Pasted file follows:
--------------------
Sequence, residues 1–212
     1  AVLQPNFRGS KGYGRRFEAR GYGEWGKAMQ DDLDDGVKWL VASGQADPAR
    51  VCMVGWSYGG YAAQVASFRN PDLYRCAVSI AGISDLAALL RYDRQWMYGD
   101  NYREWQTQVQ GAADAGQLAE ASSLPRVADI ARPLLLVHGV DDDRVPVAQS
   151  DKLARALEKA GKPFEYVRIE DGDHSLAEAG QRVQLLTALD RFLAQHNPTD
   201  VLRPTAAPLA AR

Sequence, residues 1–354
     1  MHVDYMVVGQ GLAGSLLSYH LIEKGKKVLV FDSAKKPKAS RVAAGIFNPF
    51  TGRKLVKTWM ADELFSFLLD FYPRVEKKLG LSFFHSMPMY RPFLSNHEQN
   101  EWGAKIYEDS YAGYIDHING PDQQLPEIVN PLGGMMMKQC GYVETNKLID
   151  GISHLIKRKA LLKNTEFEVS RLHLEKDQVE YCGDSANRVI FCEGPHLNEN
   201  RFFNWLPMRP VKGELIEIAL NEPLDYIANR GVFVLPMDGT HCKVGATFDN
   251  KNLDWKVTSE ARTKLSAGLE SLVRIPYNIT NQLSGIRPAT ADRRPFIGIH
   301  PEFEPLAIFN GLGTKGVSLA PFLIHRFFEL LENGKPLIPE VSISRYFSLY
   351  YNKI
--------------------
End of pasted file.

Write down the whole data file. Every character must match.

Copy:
Sequence, residues 1–212
     1  AVLQPNFRGS KGYGRRFEAR GYGEWGKAMQ DDLDDGVKWL VASGQADPAR
    51  VCMVGWSYGG YAAQVASFRN PDLYRCAVSI AGISDLAALL RYDRQWMYGD
   101  NYREWQTQVQ GAADAGQLAE ASSLPRVADI ARPLLLVHGV DDDRVPVAQS
   151  DKLARALEKA GKPFEYVRIE DGDHSLAEAG QRVQLLTALD RFLAQHNPTD
   201  VLRPTAAPLA AR

Sequence, residues 1–354
     1  MHVDYMVVGQ GLAGSLLSYH LIEKGKKVLV FDSAKKPKAS RVAAGIFNPF
    51  TGRKLVKTWM ADELFSFLLD FYPRVEKKLG LSFFHSMPMY RPFLSNHEQN
   101  EWGAKIYEDS YAGYIDHING PDQQLPEIVN PLGGMMMKQC GYVETNKLID
   151  GISHLIKRKA LLKNTEFEVS RLHLEKDQVE YCGDSANRVI FCEGPHLNEN
   201  RFFNWLPMRP VKGELIEIAL NEPLDYIANR GVFVLPMDGT HCKVGATFDN
   251  KNLDWKVTSE ARTKLSAGLE SLVRIPYNIT NQLSGIRPAT ADRRPFIGIH
   301  PEFEPLAIFN GLGTKGVSLA PFLIHRFFEL LENGKPLIPE VSISRYFSLY
   351  YNKI